Turf Monthly

September 2021

Turf Monthly was an integral part of the Australian racing tradition. For over half a century the magazine was a must read for anyone with an interest in racing. It gave insights into the horses and people who made racing such an important part of life. Now it is back on the shelf and will again bring to life the history and heritage of the turf. Relive the great moments, the champion horses, jockeys, and trainers, and those characters behind the scenes that give racing such a colourful history. Turf Monthly wants to bring the champions of the past into the modern era so they become more than just a name in a pedigree.

Turf Monthly
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in this issue

2 min
editor’s letter

There has been a bit of talk of late about the increase in new big money races and the impact they have on the time honoured Pattern racing system. This system has been the backbone of world racing for generations and there are a few issues to be considered. Firstly, the reliability of the Pattern Committee recommendations must always be kept in focus. We have seen a growth in Group races for fillies and mares in recent times in response to powerful breeders’ lobbyists. The minute we get self-interest taking over from the interests of the breed, there should always be concern. The argument about races like the Everest are just another take on this. They do not affect the Pattern process but might boil down simply to a power…

5 min
the underwood stakes

The Underwood Stakes is one of the features of the early Spring in Melbourne. Held at Caulfield the race last year was won by the impressive Russian Camelot. It has a history of being won by quality horses. First run over a mile (1600m) at Williamstown Racing Club in 1924, the race was won by the champion, Whittier who also won the race the following year. In 1942, the war led to the race not being held and it was reduced to 1400m in 1943. In 1944 the Underwood went back to 1600m but was changed to 1800m in 1949. Interestingly this change was also accompanied by another dual winner of the race in Beau Gem who also won in 1950. In 1954 the race went to 2000m and was…

4 min
williamstown racing club

Williamstown was established the main port of Melbourne with the Yarra River too narrow to accommodate ships. Dredging of the river allowed for Station Pier at Port Melbourne to be opened in the 1850s. Williamstown lost its importance as a port and became known as “the fishing village.” In 1859, Williamstown local horse Flying Buck, won a race a Flemington by 10 lengths, prompting the development of Williamstown racecourse which actually was located at Altona. The first race meeting was recorded on Boxing Day in 1859. The main race that day was the Williamstown Handicap, the forerunner to the Williamstown Cup, and it was won by a South Australian horse called The Barber. A son of The Barb out of an unidentified mare, The Barber was to go on to…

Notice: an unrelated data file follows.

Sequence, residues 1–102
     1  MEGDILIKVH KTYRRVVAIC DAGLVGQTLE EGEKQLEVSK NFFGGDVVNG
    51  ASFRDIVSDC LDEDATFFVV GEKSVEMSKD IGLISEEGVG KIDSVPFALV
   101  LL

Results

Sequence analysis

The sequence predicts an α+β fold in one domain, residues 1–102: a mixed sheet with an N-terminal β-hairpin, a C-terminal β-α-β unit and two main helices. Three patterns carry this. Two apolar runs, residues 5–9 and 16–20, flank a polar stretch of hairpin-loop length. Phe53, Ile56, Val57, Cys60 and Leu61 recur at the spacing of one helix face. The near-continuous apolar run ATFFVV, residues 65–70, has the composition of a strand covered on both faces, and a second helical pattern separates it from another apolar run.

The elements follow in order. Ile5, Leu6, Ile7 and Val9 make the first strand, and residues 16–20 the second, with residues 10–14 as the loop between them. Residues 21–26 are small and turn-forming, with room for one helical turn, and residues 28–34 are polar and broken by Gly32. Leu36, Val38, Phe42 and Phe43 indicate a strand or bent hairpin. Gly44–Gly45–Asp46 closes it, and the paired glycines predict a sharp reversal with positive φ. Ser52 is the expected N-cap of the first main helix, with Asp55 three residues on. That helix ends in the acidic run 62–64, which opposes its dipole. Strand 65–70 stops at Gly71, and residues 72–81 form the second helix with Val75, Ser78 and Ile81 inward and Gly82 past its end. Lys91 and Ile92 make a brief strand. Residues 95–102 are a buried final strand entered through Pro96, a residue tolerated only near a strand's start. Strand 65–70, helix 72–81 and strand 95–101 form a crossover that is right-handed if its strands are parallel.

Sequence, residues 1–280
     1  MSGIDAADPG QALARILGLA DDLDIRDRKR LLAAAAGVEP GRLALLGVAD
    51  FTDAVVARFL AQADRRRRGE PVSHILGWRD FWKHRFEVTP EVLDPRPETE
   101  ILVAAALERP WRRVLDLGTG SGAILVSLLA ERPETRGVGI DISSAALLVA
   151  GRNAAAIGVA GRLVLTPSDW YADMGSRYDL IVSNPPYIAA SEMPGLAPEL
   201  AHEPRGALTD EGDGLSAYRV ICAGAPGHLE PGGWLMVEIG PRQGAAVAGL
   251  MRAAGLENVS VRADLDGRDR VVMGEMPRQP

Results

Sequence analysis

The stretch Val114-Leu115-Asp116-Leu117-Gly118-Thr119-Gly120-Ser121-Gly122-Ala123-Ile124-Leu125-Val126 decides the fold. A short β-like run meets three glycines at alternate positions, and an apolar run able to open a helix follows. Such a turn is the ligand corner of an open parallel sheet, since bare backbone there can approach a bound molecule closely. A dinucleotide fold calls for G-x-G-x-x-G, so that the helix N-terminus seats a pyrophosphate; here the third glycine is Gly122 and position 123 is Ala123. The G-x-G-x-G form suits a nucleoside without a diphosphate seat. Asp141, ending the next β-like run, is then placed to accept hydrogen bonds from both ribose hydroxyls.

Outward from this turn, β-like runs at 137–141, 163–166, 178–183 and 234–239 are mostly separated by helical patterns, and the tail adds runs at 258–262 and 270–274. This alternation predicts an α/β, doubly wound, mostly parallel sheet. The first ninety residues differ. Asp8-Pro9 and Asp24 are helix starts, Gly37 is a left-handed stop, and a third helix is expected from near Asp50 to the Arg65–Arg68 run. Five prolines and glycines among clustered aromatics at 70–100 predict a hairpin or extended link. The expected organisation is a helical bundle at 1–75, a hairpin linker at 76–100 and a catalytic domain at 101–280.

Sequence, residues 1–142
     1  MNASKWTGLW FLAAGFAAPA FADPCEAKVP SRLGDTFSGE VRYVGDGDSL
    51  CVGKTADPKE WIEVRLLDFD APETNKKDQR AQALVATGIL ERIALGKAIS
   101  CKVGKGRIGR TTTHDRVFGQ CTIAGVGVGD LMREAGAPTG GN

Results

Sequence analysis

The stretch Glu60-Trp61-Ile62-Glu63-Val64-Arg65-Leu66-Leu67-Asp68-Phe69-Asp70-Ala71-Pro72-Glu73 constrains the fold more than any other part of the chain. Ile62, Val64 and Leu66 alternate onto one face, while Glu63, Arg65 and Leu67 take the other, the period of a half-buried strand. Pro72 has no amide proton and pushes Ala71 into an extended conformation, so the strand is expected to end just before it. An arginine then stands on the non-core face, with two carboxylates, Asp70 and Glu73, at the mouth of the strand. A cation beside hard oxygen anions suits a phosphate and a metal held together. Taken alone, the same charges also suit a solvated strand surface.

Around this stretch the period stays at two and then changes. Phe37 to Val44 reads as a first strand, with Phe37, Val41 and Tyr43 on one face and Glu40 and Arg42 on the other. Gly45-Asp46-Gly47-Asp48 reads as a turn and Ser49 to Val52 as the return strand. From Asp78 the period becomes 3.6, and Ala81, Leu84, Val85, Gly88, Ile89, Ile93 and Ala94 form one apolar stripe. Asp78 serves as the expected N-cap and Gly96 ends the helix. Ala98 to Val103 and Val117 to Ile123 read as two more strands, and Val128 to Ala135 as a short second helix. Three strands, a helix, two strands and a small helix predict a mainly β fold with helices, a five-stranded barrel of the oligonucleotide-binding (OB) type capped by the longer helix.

4 min
the williamstown cup

The Williamstown Cup was first run in 1888 and won by Mara, a mare by The Ace who had also won the Hotham Handicap earlier in the Spring. The Williamstown Cup was the last of the four cups run during the Melbourne Spring Racing Carnival, with the others being the Moonee Valley, Caulfield and Melbourne Cups. The race was held over 2200m until 1920 when another furlong was added to take the distance to 2400m. From 1943 to 1950 the race was run over 2600m but for the remainder of the time it has stayed over a mile and half. The race changed conditions in 1999 when it went from a handicap to weight for age. One of the most notable of the early winners was Merman by Grand Flaneur…

11 min

When we talk about the greatest horses of the Australian Turf, one name that is often forgotten is that of Amounis. He raced at a time of some of the greatest champions in our history including Windbag, Spearfelt, Valicare, Mollison and the immortal Phar Lap. Not only did he compete against these greats, but he beat them all, including the mighty Phar Lap at the peak of his powers. Amounis also beat Gloaming’s Australian record for stakes money until his record was surpassed by Phar Lap. Amounis had a great record of carrying weight but was kept away from a lot of the handicap races because of the impost he would have been given. Trainer Frank McGrath never attempted a Melbourne Cup with the wonderful stayer despite saying that he…

3 min
frank mcgrath

McGrath, Francis (1866–1947) by Richard Waterhouse This article was published in Australian Dictionary of Biography, Volume 15, (MUP), 2000 Francis McGrath (1866-1947), jockey and racehorse-trainer, was born on 17 October 1866 at Boorowa, New South Wales, eldest of three sons of James McGrath, carpenter, and his second wife Catherine, née Cahill (late Kane), both from County Tipperary, Ireland. Frank learned to ride early and had his first win on his father's horse, Killarney, at the Gullen races in 1875. Apprenticed to Sydney trainer John Alsopp in 1877, he moved to Edward Keys and in 1880 joined the Newcastle stables of John Mayo, for whom he rode Prince Imperial in the 1885 Caulfield Cup: McGrath suffered head and eye injuries when sixteen of the forty-one runners fell in the straight. Although he was plagued…